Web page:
Latin name: Mus
Other names: Souris
A small animal that is born from the soil
The mouse is born from the soil (humus), hence its name (mus). It is a small animal. A mouse's liver gets larger at the time of the full moon.
|Sources (chronological order)|
Pliny the Elder [1st century CE] (Natural History, Book 8, 82): Some kinds of mice gnaw at iron by instinct; in the country of the Chalybes they also gnaw at gold in mines, and when their bellies are cut open stolen gold is always found. The appearance of white mice is a good omen. Shrew-mice do not associate with mice from another forest, but fight with them to the death. When their parents are old, they feed them with remarkable affection. Mice hibernate in winter; this is the time when the old ones die. (Book 10, 85): Mice are the most prolific of animals; they conceive by licking rather than by coupling, or by tasting salt. The mice in Egypt walk on two feet, as do the Alpine mice.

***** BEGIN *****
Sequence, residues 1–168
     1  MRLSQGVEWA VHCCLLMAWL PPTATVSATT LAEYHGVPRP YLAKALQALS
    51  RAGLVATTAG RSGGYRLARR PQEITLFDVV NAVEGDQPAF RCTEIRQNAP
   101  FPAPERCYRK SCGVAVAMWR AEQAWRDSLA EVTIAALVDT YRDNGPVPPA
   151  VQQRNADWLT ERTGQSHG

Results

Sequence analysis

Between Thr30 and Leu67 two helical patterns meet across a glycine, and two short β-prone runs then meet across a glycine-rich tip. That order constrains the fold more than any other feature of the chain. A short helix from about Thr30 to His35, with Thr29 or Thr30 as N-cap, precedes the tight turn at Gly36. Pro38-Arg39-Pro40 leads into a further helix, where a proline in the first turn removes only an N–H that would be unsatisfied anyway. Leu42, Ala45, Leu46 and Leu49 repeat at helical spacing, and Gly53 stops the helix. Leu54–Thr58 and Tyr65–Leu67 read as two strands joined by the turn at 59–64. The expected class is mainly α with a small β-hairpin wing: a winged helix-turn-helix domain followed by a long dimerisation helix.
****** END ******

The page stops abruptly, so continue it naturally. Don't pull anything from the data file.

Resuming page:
Isidore of Seville [7th century CE] (Etymologies, Book 12, 3:1): The mouse (mus) is a small animal; some say it is born from earth (humus). A mouse's liver gets larger at the time of the full moon. (Book 12, 3:6): Dormice (glires) have their name because sleep makes them fat, as gliscere means to grow (crescere). Dormice sleep all winter, remaining motionless as though dead, but revive in the summer.